Sean McAllister returned to his hometown of Hull in 2017 after being appointed Creative Director of City of Culture. Residing back with his parents after years spent all over the world making award winning documentaries, McAllister now faced a new kind of challenge. Over the course of the year McAllister would attempt to engage his city with a year long cultural programme and proudly put Hull on the UK’s cultural map. During his residency, Sean got to know, and began to film, local resident Steve Arnott. Steve – a warehouse worker – had a unique dream and a fierce determination to bring innovative music workshops to local schools and youth groups in the form of a touring hip-hop studio entitled the ‘Beats Bus’. They began by documenting Steve’s attempts to bring his dream to fruition. Yet, the turbulent events taking place in Steve’s life quickly began to take centre stage. Overwhelming debt, limited time with his beloved daughter and injustice at work – Steve’s story is one of many. The results of Arnott and McAllister’s collaboration is A Northern Soul; simultaneously a love letter to their city and a bleak sign of the times. The film premiered at Sheffield Doc/Fest in June and has gone on to tour across the country, engaging audiences emotionally, politically and socially. On the surface its an underdog story, at its heart it uncovers a horrifying broken system where social status, privilege and childhood impacts more on one’s livelihood than work ethic, morality and kindness.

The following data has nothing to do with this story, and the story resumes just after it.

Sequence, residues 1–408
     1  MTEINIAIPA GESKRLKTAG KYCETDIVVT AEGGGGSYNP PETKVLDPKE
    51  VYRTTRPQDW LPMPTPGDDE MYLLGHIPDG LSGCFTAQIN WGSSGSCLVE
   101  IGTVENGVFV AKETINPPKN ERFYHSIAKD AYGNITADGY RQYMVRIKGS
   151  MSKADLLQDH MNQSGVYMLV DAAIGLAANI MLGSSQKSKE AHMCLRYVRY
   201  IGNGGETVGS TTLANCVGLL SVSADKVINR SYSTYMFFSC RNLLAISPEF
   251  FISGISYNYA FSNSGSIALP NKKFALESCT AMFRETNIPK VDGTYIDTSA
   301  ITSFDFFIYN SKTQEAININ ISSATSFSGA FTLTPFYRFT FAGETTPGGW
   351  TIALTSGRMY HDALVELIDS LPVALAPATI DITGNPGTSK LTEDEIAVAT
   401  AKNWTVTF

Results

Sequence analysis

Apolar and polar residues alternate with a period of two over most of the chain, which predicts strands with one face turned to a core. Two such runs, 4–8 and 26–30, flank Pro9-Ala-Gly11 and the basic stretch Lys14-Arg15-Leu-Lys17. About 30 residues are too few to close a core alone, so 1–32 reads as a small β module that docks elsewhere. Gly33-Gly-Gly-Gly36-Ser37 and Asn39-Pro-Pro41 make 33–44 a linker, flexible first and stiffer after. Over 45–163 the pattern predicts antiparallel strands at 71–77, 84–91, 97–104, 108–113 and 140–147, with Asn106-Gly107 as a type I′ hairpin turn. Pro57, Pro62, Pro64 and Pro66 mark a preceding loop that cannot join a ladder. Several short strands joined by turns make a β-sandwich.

Sean and Steve are very much partners in this project, with Sean often heard engaging and conversing with Steve on screen. It’s a masterclass in documenting a subject, earning trust and telling an authentic story. In many ways A Northern Soul has many elements of the zero to hero arc; a valiant protagonist, overwhelming obstacles and a relentless bravery. Yet McAllister goes further by sensitively revealing just how vulnerable Steve (and countless others in similar circumstances) can be. Steve’s central story is occasionally interrupted by sprinkles of humour from McAllister through touching interactions with his aging parents and the national climate that surrounds them. Equal parts tender and angry, A Northern Soul is a time capsule of Britain at a historical tipping point and the individuals most exposed to any changes in politics, economics and human rights. Don’t be mistaken; A Northern Soul is far from gloomy. It’s packed with emotion but also a sincerity that uplifts and consumes. Having had the pleasure to be briefly involved in the film’s recent tour of the country, I was honoured to witness how directly this film is changing lives. Huge segments of the film are dedicated to the charismatic youngsters that are undergoing Steve’s valuable mentorship. This only makes it more infuriating that the film was harshly brandished with a 15 rating for its use of strong language, instantly limiting younger audiences from seeing a film which contains young people at its centre. Local councils continue to overrule this certification, adding yet another touching human element to A Northern Soul and its ongoing journey outside of the cinema. A satisfying antidote to the tidal-wave of exploitative, stereotype-rich, ‘poverty porn’ that pollutes our televisions, A Northern Soul is good for the soul. Both a strong demonstration of cinematic integrity and a celebration of authenticity, comradery and resilience, A Northern Soul is documentary at its most powerful and potent.
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